Which States Joined The National Popular Vote Interstate Compact? The Movement Is Growing

As Election Day is fast approaching, the discussions surrounding the pros and cons of the Electoral College continue. Some states have started taking a stand to combat some of the problems with the Electoral College — i.e. how a president can lose the popular vote but still become the leader of our country — via the National Popular Vote Interstate Compact. But how many states have joined the National Popular Vote Interstate Compact (NPVIC), and what exactly does that mean for our elections?

First drafted in 2006, the National Popular Vote Interstate Compact was written as an agreement between states who promised to give their electoral votes to whichever candidate won the national popular vote, regardless of whether that candidate won the popular vote in that state itself. The idea is to ensure the president is elected on the basis of individual votes (aka the popular vote), rather than determined by the 538 electors in the Electoral College, as many people view the elevated voting power of the Electoral College as undemocratic.

In order for the NPVIC to fully trump the current Electoral College system, it requires the agreement from enough states to reach a majority of electoral votes — which is 270 electors. Currently, there are a total of 165 electoral votes onboard with NPVIC, which is roughly 60 percent of what's required for the compact to play out during elections.

There are 11 jurisdictions currently on board with the NPVIC, which includes 10 states and Washington, D.C. The states signed onto the compact include California (55 electoral votes), Hawaii (4 electoral votes), Illinois (20 electoral votes), Maryland (10 electoral votes), Massachusetts (11 electoral votes), Rhode Island (4 electoral votes), Vermont (3 electoral votes), Washington (12 electoral votes), New York (29 electoral votes), New Jersey (14 electoral votes), and the District of Columbia (3 electoral votes). The state of New York was the most recent to sign the bill into law, in 2014. In February 2016, the Arizona House of Representatives introduced the NPVIC bill through bipartisan efforts, and if officially signed into law, it would provide an additional 11 electoral votes for the movement.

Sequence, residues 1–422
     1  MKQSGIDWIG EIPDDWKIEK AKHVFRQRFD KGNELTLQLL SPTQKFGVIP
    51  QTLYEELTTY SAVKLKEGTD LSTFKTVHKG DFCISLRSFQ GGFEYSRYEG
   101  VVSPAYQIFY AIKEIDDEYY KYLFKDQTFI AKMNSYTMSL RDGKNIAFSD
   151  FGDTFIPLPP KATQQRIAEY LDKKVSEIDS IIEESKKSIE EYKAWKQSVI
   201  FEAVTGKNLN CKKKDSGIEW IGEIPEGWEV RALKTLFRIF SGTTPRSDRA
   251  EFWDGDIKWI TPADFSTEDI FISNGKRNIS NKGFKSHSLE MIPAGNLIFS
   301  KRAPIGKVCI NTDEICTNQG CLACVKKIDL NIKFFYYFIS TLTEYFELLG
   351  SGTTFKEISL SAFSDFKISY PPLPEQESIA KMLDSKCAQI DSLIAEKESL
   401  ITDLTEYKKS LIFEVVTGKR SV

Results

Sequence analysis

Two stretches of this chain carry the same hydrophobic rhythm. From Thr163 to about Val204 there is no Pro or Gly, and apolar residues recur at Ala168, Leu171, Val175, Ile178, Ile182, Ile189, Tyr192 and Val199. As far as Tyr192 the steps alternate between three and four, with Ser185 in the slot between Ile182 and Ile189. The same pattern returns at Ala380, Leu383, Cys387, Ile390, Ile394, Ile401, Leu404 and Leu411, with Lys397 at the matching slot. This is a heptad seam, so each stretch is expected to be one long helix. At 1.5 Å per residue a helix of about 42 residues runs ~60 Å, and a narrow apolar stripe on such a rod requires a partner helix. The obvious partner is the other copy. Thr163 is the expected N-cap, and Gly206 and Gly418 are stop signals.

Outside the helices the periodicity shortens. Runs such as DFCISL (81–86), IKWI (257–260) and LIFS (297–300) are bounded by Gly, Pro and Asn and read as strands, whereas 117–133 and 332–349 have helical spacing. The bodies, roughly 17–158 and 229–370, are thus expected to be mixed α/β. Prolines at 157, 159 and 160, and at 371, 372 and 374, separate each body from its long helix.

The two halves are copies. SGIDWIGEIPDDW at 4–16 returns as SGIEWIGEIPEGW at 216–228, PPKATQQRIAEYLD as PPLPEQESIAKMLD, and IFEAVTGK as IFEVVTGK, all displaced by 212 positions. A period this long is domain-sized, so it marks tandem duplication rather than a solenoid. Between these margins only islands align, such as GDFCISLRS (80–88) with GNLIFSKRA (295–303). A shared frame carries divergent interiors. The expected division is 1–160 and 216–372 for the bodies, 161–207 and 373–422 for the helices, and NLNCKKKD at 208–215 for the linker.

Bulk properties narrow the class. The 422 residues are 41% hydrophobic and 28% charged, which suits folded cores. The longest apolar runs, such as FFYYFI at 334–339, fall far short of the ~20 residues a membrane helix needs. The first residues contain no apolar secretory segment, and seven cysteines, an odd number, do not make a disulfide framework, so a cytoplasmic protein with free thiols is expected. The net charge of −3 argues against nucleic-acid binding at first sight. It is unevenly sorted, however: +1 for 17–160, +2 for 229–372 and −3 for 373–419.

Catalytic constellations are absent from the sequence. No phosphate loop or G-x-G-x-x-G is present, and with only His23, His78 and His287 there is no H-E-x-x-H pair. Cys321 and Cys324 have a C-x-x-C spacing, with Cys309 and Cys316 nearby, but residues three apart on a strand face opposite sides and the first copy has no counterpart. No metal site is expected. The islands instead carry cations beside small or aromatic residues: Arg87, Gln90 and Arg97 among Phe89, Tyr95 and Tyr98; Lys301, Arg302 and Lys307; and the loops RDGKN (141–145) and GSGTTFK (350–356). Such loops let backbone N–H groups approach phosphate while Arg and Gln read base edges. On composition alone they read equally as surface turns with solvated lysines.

Technically, even if the NPVIC collected the required 270 votes for activation, the 538 electors of the electoral college would still remain intact. The difference is that with this update, rather than following the state-by-state winner-takes-all method, in which electors give their votes to the winner of the popular vote in their state, electors would give their votes to the winners of the national popular vote. This would possibly give incentive to voters in deep red or blue states to head to the polls when they would otherwise think their votes didn't make a difference. It could perhaps even render the concept of battleground states irrelevant.